The name frog derives from Old English frogga, abbreviated to frox, forsc, and frosc, probably deriving from Proto-Indo-European preu = “to jump”. About 88% of amphibian species are classified in the order Anura. These include around 4,810 species in 33 families, of which the Leptodactylidae (1,100 spp.), Hylidae (800 spp.) and Ranidae (750 spp.) are the richest in species.
The use of the common names “frog” and “toad” has no taxonomic justification. From a classification perspective, all members of the order Anura are frogs, but only members of the family Bufonidae are considered “true toads”. The use of the term “frog” in common names usually refers to species that are aquatic or semi-aquatic and have smooth, moist skins; the term “toad” generally refers to species that are terrestrial with dry, warty skins. There are numerous exceptions to this rule. The European fire-bellied toad (Bombina bombina) has a slightly warty skin and prefers a watery habitat whereas the Panamanian golden frog (Atelopus zeteki) is in the toad family Bufonidae and has a smooth skin.
The Anura include all modern frogs and any fossil species that fit within the anuran definition. The characteristics of anuran adults include: 9 or fewer presacral vertebrae, the presence of a urostyle formed of fused vertebrae, no tail, a long and forward-sloping ilium, shorter fore limbs than hind limbs, radius and ulna fused, tibia and fibula fused, elongated ankle bones, absence of a prefrontal bone, presence of a hyoid plate, a lower jaw teeth (with the exception of Gastrotheca guentheri) consisting of three pairs of bones (angulosplenial, dentary, and mentomeckelian, with the last pair being absent in Pipoidea), an unsupported tongue, lymph spaces underneath the skin, and a muscle, the protractor lentis, attached to the lens of the eye. The anuran larva or tadpole has a single central respiratory spiracle and mouthparts consisting of keratinous beaks and denticles.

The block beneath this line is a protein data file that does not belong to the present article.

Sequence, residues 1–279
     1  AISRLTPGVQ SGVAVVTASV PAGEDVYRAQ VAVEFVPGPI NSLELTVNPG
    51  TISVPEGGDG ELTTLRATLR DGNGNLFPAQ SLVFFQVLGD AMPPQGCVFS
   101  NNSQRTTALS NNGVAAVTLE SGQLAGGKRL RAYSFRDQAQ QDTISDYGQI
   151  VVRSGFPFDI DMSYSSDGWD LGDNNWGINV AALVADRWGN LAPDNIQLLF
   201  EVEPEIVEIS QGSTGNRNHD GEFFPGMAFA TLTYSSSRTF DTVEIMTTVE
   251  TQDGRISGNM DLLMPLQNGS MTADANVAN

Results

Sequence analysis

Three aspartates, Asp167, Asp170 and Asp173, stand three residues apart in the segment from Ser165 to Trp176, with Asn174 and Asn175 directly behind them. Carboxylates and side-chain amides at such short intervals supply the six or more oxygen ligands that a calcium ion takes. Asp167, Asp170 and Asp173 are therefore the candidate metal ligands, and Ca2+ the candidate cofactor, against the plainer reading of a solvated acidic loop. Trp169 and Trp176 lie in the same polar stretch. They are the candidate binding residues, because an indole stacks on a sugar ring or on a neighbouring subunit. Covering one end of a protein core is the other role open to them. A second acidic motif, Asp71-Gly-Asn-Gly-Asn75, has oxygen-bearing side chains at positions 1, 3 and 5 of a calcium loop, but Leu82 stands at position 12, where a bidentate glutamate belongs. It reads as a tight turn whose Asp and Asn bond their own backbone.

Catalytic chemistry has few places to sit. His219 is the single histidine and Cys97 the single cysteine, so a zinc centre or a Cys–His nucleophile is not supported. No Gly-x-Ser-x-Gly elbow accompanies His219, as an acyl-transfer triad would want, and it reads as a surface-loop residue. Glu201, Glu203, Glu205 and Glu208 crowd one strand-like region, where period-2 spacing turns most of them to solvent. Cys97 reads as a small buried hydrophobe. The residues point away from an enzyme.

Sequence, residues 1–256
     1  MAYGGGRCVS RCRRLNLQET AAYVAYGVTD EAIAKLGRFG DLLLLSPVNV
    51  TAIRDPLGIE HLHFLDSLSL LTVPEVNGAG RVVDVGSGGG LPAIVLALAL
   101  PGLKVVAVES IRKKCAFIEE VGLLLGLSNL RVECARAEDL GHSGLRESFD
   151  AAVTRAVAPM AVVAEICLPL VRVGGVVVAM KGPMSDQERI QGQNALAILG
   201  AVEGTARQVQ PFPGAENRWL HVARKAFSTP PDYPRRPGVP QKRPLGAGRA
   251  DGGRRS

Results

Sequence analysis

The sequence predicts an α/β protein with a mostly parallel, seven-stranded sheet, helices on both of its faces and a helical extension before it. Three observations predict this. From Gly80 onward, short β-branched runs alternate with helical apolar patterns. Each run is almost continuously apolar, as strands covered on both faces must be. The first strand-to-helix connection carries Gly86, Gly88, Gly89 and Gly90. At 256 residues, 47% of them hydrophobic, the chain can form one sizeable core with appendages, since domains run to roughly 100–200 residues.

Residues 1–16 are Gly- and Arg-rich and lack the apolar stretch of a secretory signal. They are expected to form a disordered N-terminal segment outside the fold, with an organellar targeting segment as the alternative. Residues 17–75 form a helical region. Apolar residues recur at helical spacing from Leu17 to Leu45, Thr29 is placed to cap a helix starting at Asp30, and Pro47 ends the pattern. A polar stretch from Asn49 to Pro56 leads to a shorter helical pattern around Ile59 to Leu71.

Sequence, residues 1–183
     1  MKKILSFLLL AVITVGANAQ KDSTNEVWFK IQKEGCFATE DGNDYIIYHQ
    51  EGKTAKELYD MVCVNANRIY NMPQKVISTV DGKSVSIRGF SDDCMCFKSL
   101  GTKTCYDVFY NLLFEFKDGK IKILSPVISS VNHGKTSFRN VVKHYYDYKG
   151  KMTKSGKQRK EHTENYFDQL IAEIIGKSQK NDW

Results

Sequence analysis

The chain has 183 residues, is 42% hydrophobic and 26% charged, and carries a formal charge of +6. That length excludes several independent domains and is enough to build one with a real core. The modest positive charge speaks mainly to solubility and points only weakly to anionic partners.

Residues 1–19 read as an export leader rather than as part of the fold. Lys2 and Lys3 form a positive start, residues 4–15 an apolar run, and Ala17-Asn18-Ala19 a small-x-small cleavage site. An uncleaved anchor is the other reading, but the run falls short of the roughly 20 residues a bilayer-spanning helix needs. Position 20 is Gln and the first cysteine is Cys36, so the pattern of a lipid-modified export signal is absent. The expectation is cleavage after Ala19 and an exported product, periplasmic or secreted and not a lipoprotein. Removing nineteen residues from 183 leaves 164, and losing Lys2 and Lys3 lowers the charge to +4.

Frogs and toads are broadly classified into three suborders: Archaeobatrachia, which includes four families of primitive frogs; Mesobatrachia, which includes five families of more evolutionary intermediate frogs; and Neobatrachia, by far the largest group, which contains the remaining 24 families of modern frogs, including most common species throughout the world. The Neobatrachia suborder is further divided into the two superfamilies Hyloidea and Ranoidea. This classification is based on such morphological features as the number of vertebrae, the structure of the pectoral girdle, and the morphology of tadpoles. While this classification is largely accepted, relationships among families of frogs are still debated.
Some species of anurans hybridize readily. For instance, the edible frog (Pelophylax esculentus) is a hybrid between the pool frog (P. lessonae) and the marsh frog (P. ridibundus). The fire-bellied toads Bombina bombina and B. variegata are similar in forming hybrids. These are less fertile than their parents, giving rise to a hybrid zone where the hybrids are prevalent.
Shot & Edited using iPhone 6+